Whether you’re buying for the first time or pricing for a new project, Karl Hodge shares his checklist that will help you choose the right hosting
This article first appeared in issue 229 of .net magazine – the world's best-selling magazine for web designers and developers.
When you buy hosting, you’re entering into a contract that is going to last for quite a while. That’s why it’s important to get it right. We spoke to hosting expert Jacob Colton, director of Catalyst2, and asked him what elements every customer needs to take into account. Whether you’re new to hosting contracts or an old hand who hasn’t shopped around in a while, Jacob’s advice should help you make a better choice.
“There needs to be an understanding of disk space,” Colton told us, “At least an order of magnitude. Are they building a five page brochure site with 10 images, in which case 20MB of disk space will more than suffice, or is it going to be an ecommerce site with 10,000 products, each having 10 images?”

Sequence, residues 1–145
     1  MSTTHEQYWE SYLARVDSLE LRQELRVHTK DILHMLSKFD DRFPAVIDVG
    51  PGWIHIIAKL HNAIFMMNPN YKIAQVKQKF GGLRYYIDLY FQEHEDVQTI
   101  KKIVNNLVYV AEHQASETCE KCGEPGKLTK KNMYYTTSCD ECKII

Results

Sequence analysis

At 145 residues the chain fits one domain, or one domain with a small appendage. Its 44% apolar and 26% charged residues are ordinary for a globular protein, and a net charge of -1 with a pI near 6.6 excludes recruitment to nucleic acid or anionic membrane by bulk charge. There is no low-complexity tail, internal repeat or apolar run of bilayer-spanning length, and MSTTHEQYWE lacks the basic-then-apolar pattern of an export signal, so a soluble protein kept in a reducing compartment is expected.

Colton’s experience suggests that most people think they need much more disk space than they actually do. With the rise of media services for images and video, you should factor in how much media you can host elsewhere on sites such as YouTube. Second on the list are visitors: traffic will help you to determine how much data transfer you’ll need.
“If you are expecting 100 users a day downloading five pages (assumed 100kb page) that translates to around 50MB/day or 1.5GB/ month of data transfer,” says Colton. The moral? Do the maths before you sign on the line.
If you’re developing or deploying web applications or services as sites, then scripting support will affect costs too. “If the site is developed in PHP/MySQL the hosting is likely to be cheaper than using ASP.net and MS SQL,” says Colton.
Finally, you pay for stability. “While all hosts should provide a high level of uptime, obviously it’s foolish to host an ecommerce site on a £3/ month hosting account,” says Colton. “A dedicated or clustered hosting option would be much better suited to help mitigate any risk.”